Moment two men are plucked from the sea by RNLI crew after their plane crashed into water off the coast of Jersey when it lost power
- Dramatic video has been released showing lifeboat crews rescue downed pilots
- Ex RAF pilot Duncan Laisney and Paul Clifford ditched their plane near Jersey
- They spent an hour on a tiny life raft as a major rescue operation was launched
- Battling through choppy conditions, the RNLI managed to pull the pair to safety
Speeding through treacherous waters, this is the dramatic moment a team of heroic lifeboat volunteers charged into action to save two men after their plane crashed into the sea.
Three RNLI teams were scrambled last week after former RAF Tornado pilot Duncan Laisney and Paul Clifford’s Piper PA-32 Cherokee Six went down in the English Channel off the coast of Jersey.
Now, footage of the rescue has been released showing the moment the crew managed to find the pair, as they huddled for warmth in their orange life raft.
The video opens with one lifeboat RIB racing through the choppy seas, with water splashing up and soaking the two rescue workers.
RNLI lifeboat volunteers are pictured speeding through choppy waters to rescue two men whose plane had crashed off the coast of Jersey on Thursday
Dramatic footage released by the RNLI shows the moment crews managed to find the two men floating on a rescue raft
Former RAF Tornado pilot Duncan Laisney and Paul Clifford (pictured left) had been floating in their dingy for an hour before they were pulled to safety
Rescue teams had been mobilised after the single-engine plane lost power and was forced to ditch into the sea.
Duncan and Paul had managed to put their life jackets on and clamber into the safety raft moments before their plane sunk under the waves.
Both of the men were spotted by eagle-eyed RNLI volunteers, who can then be seen approaching the ‘calm’ duo as they bobbed in the Channel.
A series of stills captures the moment the pair were then pulled out of their raft and into the safety of the RNLI craft before heading back to dry land.
And, in another stunning moment, a dolphin was filmed jumping out of the water at the end of the operation – surrounded by three rescue craft, who had battled force seven winds and three-metre high waves to find the downed pilots.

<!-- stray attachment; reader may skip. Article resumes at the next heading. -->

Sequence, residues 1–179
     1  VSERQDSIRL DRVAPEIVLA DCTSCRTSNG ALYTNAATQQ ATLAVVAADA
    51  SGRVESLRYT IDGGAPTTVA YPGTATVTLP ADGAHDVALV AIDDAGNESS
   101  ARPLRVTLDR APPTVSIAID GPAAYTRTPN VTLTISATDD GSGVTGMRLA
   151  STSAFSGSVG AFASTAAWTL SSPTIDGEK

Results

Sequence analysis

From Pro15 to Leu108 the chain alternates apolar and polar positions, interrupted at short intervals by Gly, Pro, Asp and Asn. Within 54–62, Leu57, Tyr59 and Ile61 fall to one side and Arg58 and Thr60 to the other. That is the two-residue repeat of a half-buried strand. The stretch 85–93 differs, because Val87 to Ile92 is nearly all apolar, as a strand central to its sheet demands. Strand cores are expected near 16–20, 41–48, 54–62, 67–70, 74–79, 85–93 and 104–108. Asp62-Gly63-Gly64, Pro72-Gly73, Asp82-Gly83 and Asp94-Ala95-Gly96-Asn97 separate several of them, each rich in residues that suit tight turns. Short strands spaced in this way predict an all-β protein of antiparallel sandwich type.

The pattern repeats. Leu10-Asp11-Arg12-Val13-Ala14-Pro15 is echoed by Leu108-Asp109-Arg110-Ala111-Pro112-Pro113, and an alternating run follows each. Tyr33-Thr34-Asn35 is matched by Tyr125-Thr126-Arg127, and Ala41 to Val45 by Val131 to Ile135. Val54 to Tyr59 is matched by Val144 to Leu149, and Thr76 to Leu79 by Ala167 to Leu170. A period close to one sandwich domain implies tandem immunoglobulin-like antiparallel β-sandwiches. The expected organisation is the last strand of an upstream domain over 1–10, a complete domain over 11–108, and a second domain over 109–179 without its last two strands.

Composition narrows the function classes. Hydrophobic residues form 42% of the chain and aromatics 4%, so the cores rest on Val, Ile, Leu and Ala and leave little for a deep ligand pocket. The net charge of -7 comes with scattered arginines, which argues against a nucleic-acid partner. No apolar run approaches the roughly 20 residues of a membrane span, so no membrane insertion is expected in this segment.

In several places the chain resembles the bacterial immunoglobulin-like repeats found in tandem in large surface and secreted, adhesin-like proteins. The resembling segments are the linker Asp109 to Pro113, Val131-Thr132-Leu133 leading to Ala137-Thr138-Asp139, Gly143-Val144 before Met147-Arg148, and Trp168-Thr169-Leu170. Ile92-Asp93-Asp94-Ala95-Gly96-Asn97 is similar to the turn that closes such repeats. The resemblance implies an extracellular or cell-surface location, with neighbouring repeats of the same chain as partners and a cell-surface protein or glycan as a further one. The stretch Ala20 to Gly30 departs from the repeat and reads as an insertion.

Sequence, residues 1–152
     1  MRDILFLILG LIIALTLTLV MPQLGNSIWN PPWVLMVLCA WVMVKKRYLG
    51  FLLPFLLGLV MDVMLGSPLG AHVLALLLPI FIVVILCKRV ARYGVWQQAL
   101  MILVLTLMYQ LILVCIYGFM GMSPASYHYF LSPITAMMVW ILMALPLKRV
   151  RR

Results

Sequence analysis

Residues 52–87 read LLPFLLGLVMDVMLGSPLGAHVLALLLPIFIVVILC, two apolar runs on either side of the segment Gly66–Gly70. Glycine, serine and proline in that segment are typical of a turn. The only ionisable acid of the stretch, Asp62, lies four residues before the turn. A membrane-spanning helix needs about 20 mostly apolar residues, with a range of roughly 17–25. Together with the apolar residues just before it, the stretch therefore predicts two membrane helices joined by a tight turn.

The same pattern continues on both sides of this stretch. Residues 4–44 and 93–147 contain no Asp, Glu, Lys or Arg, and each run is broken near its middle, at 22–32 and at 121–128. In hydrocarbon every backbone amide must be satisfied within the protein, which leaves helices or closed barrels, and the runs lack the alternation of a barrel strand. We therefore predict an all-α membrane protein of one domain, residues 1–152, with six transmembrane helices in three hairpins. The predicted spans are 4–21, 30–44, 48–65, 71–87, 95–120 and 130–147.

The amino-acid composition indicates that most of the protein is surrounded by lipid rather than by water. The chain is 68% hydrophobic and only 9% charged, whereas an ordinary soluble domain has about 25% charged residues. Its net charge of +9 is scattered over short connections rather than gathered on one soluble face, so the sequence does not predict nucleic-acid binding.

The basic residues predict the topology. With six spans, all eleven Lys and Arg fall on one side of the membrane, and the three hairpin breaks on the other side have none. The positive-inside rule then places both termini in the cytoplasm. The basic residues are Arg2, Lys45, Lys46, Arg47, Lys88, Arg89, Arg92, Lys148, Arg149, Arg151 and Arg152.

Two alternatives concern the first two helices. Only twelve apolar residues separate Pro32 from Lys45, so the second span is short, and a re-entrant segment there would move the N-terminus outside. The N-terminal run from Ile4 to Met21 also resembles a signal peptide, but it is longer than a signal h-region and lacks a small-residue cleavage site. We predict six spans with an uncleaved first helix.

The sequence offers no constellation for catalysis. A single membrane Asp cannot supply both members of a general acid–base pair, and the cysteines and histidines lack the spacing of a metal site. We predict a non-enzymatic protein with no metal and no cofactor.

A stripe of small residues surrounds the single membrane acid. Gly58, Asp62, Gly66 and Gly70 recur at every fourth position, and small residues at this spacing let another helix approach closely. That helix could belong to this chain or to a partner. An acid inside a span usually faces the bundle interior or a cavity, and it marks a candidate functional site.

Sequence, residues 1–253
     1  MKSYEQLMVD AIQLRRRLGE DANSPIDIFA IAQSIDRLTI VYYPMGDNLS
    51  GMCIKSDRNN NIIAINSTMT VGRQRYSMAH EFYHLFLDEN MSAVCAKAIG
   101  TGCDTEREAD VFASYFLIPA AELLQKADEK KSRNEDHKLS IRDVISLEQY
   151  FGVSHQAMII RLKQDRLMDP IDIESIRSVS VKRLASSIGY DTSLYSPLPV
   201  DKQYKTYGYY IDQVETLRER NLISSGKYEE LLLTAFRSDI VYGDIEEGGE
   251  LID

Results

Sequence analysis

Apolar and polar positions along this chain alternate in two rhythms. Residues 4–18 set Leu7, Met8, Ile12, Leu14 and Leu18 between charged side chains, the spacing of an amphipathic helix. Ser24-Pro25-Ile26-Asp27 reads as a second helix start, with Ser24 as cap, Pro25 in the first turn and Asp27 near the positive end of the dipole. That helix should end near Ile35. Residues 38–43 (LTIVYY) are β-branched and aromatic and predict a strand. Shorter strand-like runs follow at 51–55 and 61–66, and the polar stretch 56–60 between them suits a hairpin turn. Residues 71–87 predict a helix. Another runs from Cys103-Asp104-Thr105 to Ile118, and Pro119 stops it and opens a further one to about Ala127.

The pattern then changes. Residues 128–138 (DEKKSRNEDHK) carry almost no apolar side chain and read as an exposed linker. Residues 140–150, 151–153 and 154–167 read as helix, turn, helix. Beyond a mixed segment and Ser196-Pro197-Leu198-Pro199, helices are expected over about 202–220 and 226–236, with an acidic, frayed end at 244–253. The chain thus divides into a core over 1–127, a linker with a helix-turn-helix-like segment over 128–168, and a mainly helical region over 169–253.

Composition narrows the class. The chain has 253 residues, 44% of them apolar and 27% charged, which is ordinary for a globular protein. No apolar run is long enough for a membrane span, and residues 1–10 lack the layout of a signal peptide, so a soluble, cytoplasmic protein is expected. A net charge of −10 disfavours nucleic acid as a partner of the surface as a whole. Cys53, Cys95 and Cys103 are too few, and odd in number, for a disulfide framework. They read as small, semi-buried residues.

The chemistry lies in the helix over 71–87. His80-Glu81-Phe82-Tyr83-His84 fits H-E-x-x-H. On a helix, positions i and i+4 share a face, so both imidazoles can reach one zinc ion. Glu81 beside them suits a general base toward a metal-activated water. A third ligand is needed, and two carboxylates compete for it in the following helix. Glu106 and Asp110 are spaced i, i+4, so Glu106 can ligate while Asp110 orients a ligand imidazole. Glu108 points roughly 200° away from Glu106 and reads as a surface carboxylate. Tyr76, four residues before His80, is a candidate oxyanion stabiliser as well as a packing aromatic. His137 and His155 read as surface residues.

An RNLI spokesperson said: ‘See what it was like onboard the RNLI Jersey inshore lifeboats when they launched to help the two people who had to ditch their plane in the sea off the south-east coast of Jersey.
The pair had been travelling in a Piper PA-32 Cherokee Six single-engine plane when the aircraft lost power and plummeted into the sea. Pictured is the moment an RNLI lifeboat volunteer reaches the stranded duo
An investigation has now been launched into what caused the crash of the Piper on Thursday. Pictured is a stock image
‘Make sure you don’t blink or you might miss the dolphin that made an appearance just after the casualties had boarded.
‘Their actions and use of their safety equipment greatly improved their chances of survival allowing our crews to locate them quickly in the challenging conditions.’
The drama all unfolded on Thursday when Afghanistan veteran Duncan and Paul were forced to make an emergency landing in the sea.
The pair floated on a dingy for about an hour before the RNLI and Coastguard crews managed to find them.
Duncan and Paul were carrying an emergency beacon device which beamed their location to rescue crews.
Once rescued, the duo were taken to St Helier cold but unhurt.
Speaking to ITV News after being saved, a relieved Duncan said: ‘I feel delighted to be back of course.
‘There was a great sense of relief and the RNLI did a fantastic professional job in picking us up very, very quickly.’
He said it the hour they were left stranded on the dingy at sea ‘felt like a long time’ and added he was ‘indebted’ to the RNLI team that plucked him and his pal from the water.
Mr Clifford, added: ‘It was a little bit worrying, but we were alright. We knew that people would come and get us, we were fine.’
Both of the men were found with the use of a personal locator beacon which helped rescue teams to find them at sea. Pictured is the moment an RNLI team reaches the life raft
Former RAF Tornado pilot Duncan Laisney, pictured, said he was relieved to be rescued by the emergency crews
James Hope, one of the RNLI crew members involved in the rescue operation, said: ‘To actually find some people in the middle of the sea, in a life raft in the middle of the sea, is just an amazing feeling. It’s why we do what we do.’
The search mission was controlled by Ports of Jersey Marine Quality Manager, Phil Le Neveu.
Jersey Coastguard tasked all three of the island’s RNLI lifeboats, Ports of Jersey work boat ‘Rival’, Channel Island Air Search and French Helicopter ‘Dragon 50’.
In a statement, Jersey Coastguard added: ‘Thanks to the fast response by the crews of all the assets, the use of drift modelling software and the homing signal from the personal locator beacon, the life raft was located very quickly.
‘Both of the casualties were returned safe and well to St Helier on board the St Helier all weather lifeboat.
‘Jersey Coastguard would like to offer our sincere thanks to all of the crews who braved gale force conditions to assist the airmen today.
‘Your selfless actions to respond today undoubtedly saved two lives.’
An investigation is due to take place to find out what caused the plane to lose power and crash.
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